Thank you for everyone’s kind thoughts on my last post. My work stress is diminishing (I had to give a few presentations to large groups of school children about the library’s summer reading program. I wore my crossword Converse (at left) to give myself a little boost! Needless to say, I’d rather be blogging for anyone to read than speaking in front of an audience! After all my fear and worry, it went alright — the kids would start to cheer whenever I’d show them any kind of movie tie-in book. On the one hand, we want them reading through any means, especially over the summer when if they don’t read, they lose some of what they’d learned, but… it makes me wonder if books are no longer seen as pleasurable for the sake of stories, imagination and language, but merely a means to continue to live in the fantasy world of the movie. Hopefully books like this will help kids eventually love reading or at least find it less of a struggle.)
That aside, I’ve been thinking of ways to make this blog more my own and move it away from trying to be just like everyone else’s book blog.
For starters, I’ve had an idea for a while to write posts about books that I’ve read in different genres. I like understanding the appeal behind these different types of stories and since my husband has a sci-fi bookshelf (with also graphic novels and comics), a horror bookshelf and we share a mystery bookshelf (all of them tall, black and skinny in the gothic corner where he keeps his Wonder Woman action figure and a bust of Frankenstein), we discuss them often!
I’m also thinking of writing shorter reviews sometimes at least. (I do worry that I’ll have my right to book blog called into question if I don’t post reviews some of the time!) I also thought of an unofficial way to join in on interesting challenges, by only reading one book on the topic instead of ten or even three. Nymeth’s 1930s Challenge was great this way because there was no signing up, just reading even one book. I ended up reading 3, simply because there was no pressure. Whereas all my other challenges started to weigh heavily with their longer lists of required reading.
This reminds me of a rare nonfiction book that I absolutely adore (I only have three books in this category): The Day I Became an Autodidact by Kendall Hailey. It’s probably not easy to find but read it, oh readdd it! I read it several times in university, the first time showed me there was something I could do besides getting a proper career, something like reading and writing my life out, and the second time through helped me see that it wasn’t impossible. She writes about getting yet another required reading list in high school and realizing that what she’d rather do, instead of going to college for more endless required reading, is to skip all that, stay at home and read the books of her choice. Crazy, but then she goes on to write about all the other famous people who’ve done it (Tolstoy, Milton), who have been autodidacts, that is, self taught. She also goes on to write about how she reads the Greeks and Romans and whatever else catches her fancy and starts to write a novel, a play.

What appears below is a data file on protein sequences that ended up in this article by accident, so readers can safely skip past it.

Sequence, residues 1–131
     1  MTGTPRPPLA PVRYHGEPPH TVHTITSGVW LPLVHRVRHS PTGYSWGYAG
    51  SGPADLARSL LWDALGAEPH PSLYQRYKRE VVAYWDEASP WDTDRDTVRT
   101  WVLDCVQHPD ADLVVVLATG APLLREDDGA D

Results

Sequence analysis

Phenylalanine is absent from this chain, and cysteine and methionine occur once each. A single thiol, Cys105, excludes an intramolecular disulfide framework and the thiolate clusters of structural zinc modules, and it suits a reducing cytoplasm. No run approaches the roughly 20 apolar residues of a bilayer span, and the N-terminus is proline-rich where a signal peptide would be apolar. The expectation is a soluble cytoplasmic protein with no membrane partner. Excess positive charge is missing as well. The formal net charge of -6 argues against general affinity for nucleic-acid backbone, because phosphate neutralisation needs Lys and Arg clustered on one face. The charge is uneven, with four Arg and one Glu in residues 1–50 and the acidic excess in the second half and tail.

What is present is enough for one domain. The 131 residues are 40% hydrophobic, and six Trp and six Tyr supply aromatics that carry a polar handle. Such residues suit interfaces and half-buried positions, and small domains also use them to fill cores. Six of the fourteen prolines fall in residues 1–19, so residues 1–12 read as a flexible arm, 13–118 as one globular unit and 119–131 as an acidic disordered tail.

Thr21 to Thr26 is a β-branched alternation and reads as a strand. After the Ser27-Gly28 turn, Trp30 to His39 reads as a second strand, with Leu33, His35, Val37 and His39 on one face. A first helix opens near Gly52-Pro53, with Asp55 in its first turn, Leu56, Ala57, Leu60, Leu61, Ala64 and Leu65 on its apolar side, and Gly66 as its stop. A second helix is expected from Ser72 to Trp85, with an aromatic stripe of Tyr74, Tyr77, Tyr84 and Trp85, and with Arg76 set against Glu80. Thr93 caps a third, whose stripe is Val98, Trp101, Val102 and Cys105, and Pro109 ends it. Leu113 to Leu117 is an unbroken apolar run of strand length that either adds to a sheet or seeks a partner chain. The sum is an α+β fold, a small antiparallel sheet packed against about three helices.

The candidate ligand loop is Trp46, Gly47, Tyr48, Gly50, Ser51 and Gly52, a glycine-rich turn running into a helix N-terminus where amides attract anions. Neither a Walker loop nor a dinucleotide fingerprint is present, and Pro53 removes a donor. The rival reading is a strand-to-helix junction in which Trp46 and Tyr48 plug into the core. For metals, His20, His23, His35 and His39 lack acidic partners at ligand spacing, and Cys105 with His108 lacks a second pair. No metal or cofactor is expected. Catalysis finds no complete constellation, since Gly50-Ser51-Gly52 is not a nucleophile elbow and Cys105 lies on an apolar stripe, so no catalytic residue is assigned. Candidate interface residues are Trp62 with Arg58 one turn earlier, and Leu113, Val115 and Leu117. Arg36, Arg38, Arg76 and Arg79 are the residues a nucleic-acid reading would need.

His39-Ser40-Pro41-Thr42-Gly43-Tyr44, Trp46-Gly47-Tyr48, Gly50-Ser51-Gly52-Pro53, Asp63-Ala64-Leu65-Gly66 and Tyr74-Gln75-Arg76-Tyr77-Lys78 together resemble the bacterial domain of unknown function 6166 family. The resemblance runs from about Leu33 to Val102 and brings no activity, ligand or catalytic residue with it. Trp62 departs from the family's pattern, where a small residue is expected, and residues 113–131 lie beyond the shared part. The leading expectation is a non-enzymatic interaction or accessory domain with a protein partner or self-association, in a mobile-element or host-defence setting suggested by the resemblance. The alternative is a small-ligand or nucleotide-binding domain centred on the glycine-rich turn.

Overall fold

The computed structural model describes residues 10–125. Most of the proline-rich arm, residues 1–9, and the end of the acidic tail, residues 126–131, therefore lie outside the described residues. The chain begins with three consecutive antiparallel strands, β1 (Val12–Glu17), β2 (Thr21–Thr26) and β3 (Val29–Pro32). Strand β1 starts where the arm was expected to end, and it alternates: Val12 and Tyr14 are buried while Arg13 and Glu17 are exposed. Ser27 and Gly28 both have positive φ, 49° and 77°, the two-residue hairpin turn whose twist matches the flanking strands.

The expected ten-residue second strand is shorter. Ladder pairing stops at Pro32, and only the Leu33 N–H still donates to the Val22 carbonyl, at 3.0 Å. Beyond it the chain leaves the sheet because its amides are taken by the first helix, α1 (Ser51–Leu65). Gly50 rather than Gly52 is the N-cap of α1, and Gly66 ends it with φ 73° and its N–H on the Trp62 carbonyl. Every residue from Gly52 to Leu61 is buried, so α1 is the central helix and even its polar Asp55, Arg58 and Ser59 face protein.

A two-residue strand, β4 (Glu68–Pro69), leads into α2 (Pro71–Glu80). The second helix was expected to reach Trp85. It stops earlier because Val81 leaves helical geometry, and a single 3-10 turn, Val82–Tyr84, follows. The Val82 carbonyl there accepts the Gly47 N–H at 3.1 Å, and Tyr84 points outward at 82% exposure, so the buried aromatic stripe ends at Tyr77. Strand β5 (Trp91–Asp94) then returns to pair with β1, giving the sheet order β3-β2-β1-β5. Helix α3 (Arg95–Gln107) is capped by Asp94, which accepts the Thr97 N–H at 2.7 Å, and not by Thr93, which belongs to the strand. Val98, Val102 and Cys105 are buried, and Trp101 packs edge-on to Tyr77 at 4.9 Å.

This is part of what drives me to take my reading seriously, to push myself to read the difficult important books. I didn’t learn everything I wanted to in university and there’s still an endless amount more to know about people, life and stories within the pages of a good book. 84, Charing Cross Road by Helene Hanff (the second of my absolutely adored nonfiction books) is also indirectly about discovering the classics on your own, without a teacher or a class to guide you, and finding the ones that speak to you. Obviously I think these will vary from person to person. Helene Hanff loves John Donne. I like Marcel Proust and Jane Austen (and have never studied either in university although I often wish I could).
Anyway. Here’s something on ‘required reading’ from The Day I Became an Autodidact (quote taken from here since I unfortunately don’t have my own copy):
I read (rarely skimming) everything school tells me to from the middle of September to the middle of June, but the summer is mine. And being told what to read during summer suddenly made me realize that I don’t really like being told what to read during the fall, winter, and spring either.
I do want a little motivation to read some more George Eliot this year (but I’ve already read more Virginia Woolf and Elizabeth Bowen than I’ve read in years!), but apart from that, I’m looking forward to finding more books that are intelligent while also being enjoyable to read instead of stressing over all the classics I haven’t read yet.